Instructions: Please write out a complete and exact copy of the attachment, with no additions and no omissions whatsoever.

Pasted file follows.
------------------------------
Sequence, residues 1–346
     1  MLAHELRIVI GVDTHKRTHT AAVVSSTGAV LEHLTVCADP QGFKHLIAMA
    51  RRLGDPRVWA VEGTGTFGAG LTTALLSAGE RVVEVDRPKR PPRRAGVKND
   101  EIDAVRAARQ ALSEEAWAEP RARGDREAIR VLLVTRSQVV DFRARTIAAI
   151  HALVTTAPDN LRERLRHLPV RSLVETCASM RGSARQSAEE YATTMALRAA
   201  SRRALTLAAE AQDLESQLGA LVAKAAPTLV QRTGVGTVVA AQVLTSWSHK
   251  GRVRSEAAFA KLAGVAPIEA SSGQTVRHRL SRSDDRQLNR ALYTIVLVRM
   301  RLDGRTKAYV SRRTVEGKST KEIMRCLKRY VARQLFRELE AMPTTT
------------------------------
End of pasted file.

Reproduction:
Sequence, residues 1–346
     1  MLAHELRIVI GVDTHKRTHT AAVVSSTGAV LEHLTVCADP QGFKHLIAMA
    51  RRLGDPRVWA VEGTGTFGAG LTTALLSAGE RVVEVDRPKR PPRRAGVKND
   101  EIDAVRAARQ ALSEEAWAEP RARGDREAIR VLLVTRSQVV DFRARTIAAI
   151  HALVTTAPDN LRERLRHLPV RSLVETCASM RGSARQSAEE YATTMALRAA
   201  SRRALTLAAE AQDLESQLGA LVAKAAPTLV QRTGVGTVVA AQVLTSWSHK
   251  GRVRSEAAFA KLAGVAPIEA SSGQTVRHRL SRSDDRQLNR ALYTIVLVRM
   301  RLDGRTKAYV SRRTVEGKST KEIMRCLKRY VARQLFRELE AMPTTT